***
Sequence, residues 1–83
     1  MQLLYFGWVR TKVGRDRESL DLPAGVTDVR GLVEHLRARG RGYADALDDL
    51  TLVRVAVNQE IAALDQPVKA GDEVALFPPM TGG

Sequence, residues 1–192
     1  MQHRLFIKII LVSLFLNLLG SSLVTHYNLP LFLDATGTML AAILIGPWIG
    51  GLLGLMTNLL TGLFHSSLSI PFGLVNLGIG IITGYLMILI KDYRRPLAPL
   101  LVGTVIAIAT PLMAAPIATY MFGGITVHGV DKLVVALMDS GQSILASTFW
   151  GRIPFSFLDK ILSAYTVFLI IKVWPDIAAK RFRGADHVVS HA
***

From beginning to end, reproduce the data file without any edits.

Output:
Sequence, residues 1–83
     1  MQLLYFGWVR TKVGRDRESL DLPAGVTDVR GLVEHLRARG RGYADALDDL
    51  TLVRVAVNQE IAALDQPVKA GDEVALFPPM TGG

Sequence, residues 1–192
     1  MQHRLFIKII LVSLFLNLLG SSLVTHYNLP LFLDATGTML AAILIGPWIG
    51  GLLGLMTNLL TGLFHSSLSI PFGLVNLGIG IITGYLMILI KDYRRPLAPL
   101  LVGTVIAIAT PLMAAPIATY MFGGITVHGV DKLVVALMDS GQSILASTFW
   151  GRIPFSFLDK ILSAYTVFLI IKVWPDIAAK RFRGADHVVS HA